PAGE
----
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The Size and the power of the bootstrap tests for linear restrictions in misspecified cointegrating relationships

The Size and the power of the bootstrap tests for linear restrictions in misspecified cointegrating relationships
The Size and the power of the bootstrap tests for linear restrictions in misspecified cointegrating relationships
This paper considers computer intensive methods for inference on cointegrating vectors in maximum likelihood analysis. It investigates the robustness of LR , Wald tests and an F-type test for linear restrictions on cointegrating space to misspecification on the number of cointegrating relations. In addition, since all the distributional results within the maximum likelihood cointegration model rely on asymptotic considerations, it is important to consider the sensitivity of inference procedures to the sample size. In this paper we use bootstrap hypothesis testing as a way to improve inference for linear restriction on the cointegrating space. We find that the resampling procedure is a very useful device for tests that lack the invariance property such as the Wald test, where the size distortion of the bootstrap test converges to zero even for a sample size T=50. Moreover, it turns out that when the number of cointegrating vectors are correctly specified the bootstrap succeeds where the asymptotic approximation is not satisfactory, that is, for a sample size T<200. The only valid alternative to the resampling procedure is the F-type test\ proposed by Podivinsky (1994). However, when the number of cointegrating vectors is under-fitted or over-fitted relying on the asymptotic approximation is misleading, since the tests considered exhibit sizes sometimes very far away from the nominal size. In this situation the bootstrap test is much more robust to misspecifications. The analysis of the power reveals that the \ procedures have power. However, it is difficult to evaluate the power properties without\ investigating the asymptotic power, so further work is needed.
1-34
Canepa, Alessandra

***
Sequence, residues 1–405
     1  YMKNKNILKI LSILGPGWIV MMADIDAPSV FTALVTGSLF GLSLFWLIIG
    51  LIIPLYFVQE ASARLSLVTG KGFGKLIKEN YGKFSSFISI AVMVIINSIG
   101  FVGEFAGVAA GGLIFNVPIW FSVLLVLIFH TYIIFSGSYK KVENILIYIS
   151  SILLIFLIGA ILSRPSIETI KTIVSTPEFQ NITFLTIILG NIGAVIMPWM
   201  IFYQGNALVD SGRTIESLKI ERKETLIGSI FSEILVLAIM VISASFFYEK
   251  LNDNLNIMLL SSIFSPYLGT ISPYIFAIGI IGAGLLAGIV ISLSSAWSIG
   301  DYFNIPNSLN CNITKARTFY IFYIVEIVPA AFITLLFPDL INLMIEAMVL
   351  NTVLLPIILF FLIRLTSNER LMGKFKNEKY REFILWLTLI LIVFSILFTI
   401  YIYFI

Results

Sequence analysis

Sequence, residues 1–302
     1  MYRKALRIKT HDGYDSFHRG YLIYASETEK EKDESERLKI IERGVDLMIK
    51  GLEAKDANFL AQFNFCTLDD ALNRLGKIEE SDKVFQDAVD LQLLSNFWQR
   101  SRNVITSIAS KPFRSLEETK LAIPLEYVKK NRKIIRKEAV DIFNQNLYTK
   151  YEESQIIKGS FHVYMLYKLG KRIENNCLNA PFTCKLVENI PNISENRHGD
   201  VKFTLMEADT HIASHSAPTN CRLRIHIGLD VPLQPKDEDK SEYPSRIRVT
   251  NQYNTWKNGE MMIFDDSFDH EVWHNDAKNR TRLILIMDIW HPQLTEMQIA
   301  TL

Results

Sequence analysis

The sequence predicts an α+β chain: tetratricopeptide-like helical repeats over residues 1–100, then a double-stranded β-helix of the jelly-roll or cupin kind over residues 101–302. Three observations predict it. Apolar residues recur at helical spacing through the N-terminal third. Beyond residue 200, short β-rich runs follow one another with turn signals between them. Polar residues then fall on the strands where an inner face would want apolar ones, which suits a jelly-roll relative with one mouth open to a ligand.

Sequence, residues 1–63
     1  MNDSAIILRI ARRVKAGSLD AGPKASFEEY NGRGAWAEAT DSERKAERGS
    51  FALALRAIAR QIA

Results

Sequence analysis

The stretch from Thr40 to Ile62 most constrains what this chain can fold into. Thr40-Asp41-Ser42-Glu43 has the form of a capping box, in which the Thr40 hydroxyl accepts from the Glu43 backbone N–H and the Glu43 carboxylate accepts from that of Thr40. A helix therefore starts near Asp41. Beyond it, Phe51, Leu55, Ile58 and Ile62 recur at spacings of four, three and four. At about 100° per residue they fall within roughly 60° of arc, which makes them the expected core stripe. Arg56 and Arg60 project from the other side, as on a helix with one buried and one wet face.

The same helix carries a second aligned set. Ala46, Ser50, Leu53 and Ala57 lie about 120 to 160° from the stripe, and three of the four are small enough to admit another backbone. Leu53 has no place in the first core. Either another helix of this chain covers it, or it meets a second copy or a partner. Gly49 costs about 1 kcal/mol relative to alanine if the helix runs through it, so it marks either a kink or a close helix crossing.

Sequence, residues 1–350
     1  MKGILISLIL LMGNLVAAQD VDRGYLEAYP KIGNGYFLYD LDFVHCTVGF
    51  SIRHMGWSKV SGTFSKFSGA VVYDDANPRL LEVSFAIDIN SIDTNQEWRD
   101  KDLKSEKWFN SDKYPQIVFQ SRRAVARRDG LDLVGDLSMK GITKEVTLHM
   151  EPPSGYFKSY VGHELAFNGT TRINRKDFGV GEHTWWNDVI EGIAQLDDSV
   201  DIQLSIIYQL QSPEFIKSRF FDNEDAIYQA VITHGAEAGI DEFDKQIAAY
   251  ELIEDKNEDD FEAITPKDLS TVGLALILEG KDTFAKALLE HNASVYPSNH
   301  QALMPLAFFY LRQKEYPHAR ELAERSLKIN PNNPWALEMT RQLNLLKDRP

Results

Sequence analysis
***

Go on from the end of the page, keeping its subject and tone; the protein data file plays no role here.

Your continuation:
0a2ef6ff-d8b9-40aa-b1da-b7645d31a83f
O'Brien, Raymond
6d46f2be-6f1d-4bcd-9b94-baedee23ff22
Canepa, Alessandra
0a2ef6ff-d8b9-40aa-b1da-b7645d31a83f
O'Brien, Raymond
6d46f2be-6f1d-4bcd-9b94-baedee23ff22

Canepa, Alessandra and O'Brien, Raymond (2000) The Size and the power of the bootstrap tests for linear restrictions in misspecified cointegrating relationships. Econometric Society World Congress. 11 - 16 Aug 2000. pp. 1-34 .

Record type: Conference or Workshop Item (Paper)

Abstract

This paper considers computer intensive methods for inference on cointegrating vectors in maximum likelihood analysis. It investigates the robustness of LR , Wald tests and an F-type test for linear restrictions on cointegrating space to misspecification on the number of cointegrating relations. In addition, since all the distributional results within the maximum likelihood cointegration model rely on asymptotic considerations, it is important to consider the sensitivity of inference procedures to the sample size. In this paper we use bootstrap hypothesis testing as a way to improve inference for linear restriction on the cointegrating space. We find that the resampling procedure is a very useful device for tests that lack the invariance property such as the Wald test, where the size distortion of the bootstrap test converges to zero even for a sample size T=50. Moreover, it turns out that when the number of cointegrating vectors are correctly specified the bootstrap succeeds where the asymptotic approximation is not satisfactory, that is, for a sample size T<200. The only valid alternative to the resampling procedure is the F-type test\ proposed by Podivinsky (1994). However, when the number of cointegrating vectors is under-fitted or over-fitted relying on the asymptotic approximation is misleading, since the tests considered exhibit sizes sometimes very far away from the nominal size. In this situation the bootstrap test is much more robust to misspecifications. The analysis of the power reveals that the \ procedures have power. However, it is difficult to evaluate the power properties without\ investigating the asymptotic power, so further work is needed.

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More information

Published date: 2000
Venue - Dates: Econometric Society World Congress, 2000-08-11 - 2000-08-16

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Local EPrints ID: 32889
URI: https://eprints.soton.ac.uk/id/eprint/32889
PURE UUID: 1d237f3b-5b37-4bac-9169-d294ef36ed6f

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Date deposited: 19 Jul 2006
Last modified: 17 Jul 2017 15:54

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